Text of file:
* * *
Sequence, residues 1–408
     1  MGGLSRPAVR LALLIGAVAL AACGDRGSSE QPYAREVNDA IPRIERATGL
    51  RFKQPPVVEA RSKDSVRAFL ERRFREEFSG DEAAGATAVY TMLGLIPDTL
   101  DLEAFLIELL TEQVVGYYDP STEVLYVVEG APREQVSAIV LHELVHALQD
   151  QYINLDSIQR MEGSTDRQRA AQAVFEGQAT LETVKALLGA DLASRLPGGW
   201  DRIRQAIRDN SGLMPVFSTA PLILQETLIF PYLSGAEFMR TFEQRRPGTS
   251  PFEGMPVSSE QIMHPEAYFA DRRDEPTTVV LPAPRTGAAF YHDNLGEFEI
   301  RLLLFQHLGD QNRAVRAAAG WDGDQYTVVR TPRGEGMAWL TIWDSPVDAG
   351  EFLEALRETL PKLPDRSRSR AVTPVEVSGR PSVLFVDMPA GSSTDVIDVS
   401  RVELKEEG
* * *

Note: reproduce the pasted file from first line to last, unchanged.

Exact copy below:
Sequence, residues 1–408
     1  MGGLSRPAVR LALLIGAVAL AACGDRGSSE QPYAREVNDA IPRIERATGL
    51  RFKQPPVVEA RSKDSVRAFL ERRFREEFSG DEAAGATAVY TMLGLIPDTL
   101  DLEAFLIELL TEQVVGYYDP STEVLYVVEG APREQVSAIV LHELVHALQD
   151  QYINLDSIQR MEGSTDRQRA AQAVFEGQAT LETVKALLGA DLASRLPGGW
   201  DRIRQAIRDN SGLMPVFSTA PLILQETLIF PYLSGAEFMR TFEQRRPGTS
   251  PFEGMPVSSE QIMHPEAYFA DRRDEPTTVV LPAPRTGAAF YHDNLGEFEI
   301  RLLLFQHLGD QNRAVRAAAG WDGDQYTVVR TPRGEGMAWL TIWDSPVDAG
   351  EFLEALRETL PKLPDRSRSR AVTPVEVSGR PSVLFVDMPA GSSTDVIDVS
   401  RVELKEEG